By 2050, there will be as many people over the age of 65 as there are people between the ages of 20 and 64—the ratio is expected to rise from 4.1 to 2.2.
As well, the number of people receiving OAS will grow by 60% over the next two decades, finds the 12th annual Actuarial Report on the Old Age Security Program.
The report’s been prepared as a result of compliance requirements of the Public Pensions Reporting Act, which requires the chief actuary to release a triennial report on OAS benefits under the various parts of the Old Age Security Act.
Currently, 5.3 million people receive OAS, says the report. But that number will grow to 8.4 million by 2030 “due to the retirement of the baby boom generation. [Also], OAS basic pension annual expenditures are projected to increase from $33 billion in 2013 to $74 billion in 2030, and [then to] $144 billion in 2050.”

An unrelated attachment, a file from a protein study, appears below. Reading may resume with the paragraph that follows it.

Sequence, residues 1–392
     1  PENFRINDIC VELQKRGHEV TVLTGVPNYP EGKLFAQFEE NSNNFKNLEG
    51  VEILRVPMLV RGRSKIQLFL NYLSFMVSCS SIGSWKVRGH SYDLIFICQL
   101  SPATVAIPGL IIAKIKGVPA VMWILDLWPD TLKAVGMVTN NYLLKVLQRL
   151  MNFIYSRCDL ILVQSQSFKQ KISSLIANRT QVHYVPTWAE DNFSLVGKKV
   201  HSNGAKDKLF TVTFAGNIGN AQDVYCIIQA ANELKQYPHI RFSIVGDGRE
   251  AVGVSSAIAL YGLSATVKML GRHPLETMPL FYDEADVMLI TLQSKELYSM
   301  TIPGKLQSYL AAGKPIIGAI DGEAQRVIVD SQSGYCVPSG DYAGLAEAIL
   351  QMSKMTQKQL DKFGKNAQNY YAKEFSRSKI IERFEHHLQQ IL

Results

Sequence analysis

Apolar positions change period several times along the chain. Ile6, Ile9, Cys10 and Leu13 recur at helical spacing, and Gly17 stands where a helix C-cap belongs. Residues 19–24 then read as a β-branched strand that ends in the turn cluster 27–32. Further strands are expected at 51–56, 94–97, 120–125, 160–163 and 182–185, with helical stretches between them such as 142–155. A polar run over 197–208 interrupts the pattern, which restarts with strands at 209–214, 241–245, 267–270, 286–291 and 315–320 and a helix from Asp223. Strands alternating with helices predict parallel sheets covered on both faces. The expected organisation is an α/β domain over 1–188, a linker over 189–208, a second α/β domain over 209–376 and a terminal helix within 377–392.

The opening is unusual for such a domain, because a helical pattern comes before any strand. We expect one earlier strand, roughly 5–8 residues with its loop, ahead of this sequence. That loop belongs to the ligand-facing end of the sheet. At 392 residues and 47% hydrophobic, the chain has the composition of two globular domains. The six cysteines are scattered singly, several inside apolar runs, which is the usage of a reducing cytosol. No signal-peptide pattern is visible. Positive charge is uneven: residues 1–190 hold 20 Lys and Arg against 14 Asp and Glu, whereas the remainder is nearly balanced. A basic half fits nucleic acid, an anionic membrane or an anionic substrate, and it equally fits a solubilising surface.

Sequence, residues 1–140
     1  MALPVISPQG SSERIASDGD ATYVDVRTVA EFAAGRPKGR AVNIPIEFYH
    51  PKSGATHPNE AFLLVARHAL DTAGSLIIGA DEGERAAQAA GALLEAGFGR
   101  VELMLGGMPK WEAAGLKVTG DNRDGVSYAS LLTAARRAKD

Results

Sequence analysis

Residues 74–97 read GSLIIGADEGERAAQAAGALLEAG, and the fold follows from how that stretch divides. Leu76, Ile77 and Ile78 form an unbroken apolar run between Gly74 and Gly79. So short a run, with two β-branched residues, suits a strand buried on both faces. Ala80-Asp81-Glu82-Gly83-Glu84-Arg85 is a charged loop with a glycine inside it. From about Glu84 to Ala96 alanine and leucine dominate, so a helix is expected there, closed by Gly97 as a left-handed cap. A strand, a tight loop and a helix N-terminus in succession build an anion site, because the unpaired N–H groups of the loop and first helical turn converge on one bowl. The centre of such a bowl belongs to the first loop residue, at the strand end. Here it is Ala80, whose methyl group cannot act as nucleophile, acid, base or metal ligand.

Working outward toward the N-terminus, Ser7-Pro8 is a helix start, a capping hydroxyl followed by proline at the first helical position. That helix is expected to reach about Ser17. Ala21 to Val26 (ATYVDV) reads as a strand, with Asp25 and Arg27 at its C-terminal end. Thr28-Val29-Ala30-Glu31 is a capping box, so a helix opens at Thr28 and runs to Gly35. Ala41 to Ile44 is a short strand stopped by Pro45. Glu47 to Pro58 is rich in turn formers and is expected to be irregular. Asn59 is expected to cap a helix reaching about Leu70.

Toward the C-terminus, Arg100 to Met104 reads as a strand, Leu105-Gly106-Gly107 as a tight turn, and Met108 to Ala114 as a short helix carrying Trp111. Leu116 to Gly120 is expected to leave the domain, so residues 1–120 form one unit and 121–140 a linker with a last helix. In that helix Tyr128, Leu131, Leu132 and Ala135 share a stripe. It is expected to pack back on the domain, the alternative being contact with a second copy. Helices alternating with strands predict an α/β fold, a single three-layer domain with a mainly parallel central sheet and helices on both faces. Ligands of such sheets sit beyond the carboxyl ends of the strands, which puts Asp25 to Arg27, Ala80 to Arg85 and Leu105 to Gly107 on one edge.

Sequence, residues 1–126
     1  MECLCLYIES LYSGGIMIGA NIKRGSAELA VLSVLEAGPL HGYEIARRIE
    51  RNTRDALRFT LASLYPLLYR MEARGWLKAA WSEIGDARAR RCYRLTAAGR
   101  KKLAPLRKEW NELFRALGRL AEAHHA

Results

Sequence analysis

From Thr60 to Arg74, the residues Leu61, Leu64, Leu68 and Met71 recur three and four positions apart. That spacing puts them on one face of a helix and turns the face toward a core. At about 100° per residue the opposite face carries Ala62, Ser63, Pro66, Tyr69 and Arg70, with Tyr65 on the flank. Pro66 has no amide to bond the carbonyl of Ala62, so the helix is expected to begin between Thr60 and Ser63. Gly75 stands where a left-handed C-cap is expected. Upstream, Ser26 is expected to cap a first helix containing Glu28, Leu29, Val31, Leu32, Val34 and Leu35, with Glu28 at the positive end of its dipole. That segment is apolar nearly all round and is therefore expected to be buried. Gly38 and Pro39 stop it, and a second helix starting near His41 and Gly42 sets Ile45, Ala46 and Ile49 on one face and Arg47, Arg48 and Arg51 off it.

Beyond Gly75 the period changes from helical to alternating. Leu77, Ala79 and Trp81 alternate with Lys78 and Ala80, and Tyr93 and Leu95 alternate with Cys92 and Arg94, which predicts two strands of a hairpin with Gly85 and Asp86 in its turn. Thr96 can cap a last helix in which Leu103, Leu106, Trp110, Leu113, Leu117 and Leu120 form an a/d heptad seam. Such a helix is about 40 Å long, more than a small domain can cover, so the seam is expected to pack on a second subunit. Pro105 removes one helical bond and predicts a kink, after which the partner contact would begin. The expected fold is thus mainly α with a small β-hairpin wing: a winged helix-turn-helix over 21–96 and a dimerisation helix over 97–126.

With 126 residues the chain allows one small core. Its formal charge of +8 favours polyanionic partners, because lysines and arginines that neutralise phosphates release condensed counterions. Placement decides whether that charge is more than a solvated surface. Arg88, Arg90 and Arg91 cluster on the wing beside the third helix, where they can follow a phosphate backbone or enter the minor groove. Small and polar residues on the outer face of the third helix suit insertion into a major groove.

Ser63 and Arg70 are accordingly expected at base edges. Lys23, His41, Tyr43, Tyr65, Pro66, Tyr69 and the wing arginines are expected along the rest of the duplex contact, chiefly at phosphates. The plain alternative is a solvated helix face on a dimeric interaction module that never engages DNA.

On the plus side, “That expected increase…will be somewhat mitigated by the legislated gradual increase in the age of [OAS] eligibility from 65 to 67 over the period 2023 to 2029.”
Still, explains the report, “total annual expenditures [will likely] grow from 2.3% of GDP in 2013, a level similar to the one in 1980, to a high of about 2.8% in 2033, a level somewhat higher than the historical peak of 2.7% reached in the early 1990s.
“Ultimately, however, the fact that benefits are indexed to inflation, as opposed to wages, drive[s] the cost of the OAS Program relative to the GDP down over the long term, with the result that annual expenditures are expected to fall to 2.4% of GDP by 2050.”
For more, read the report.
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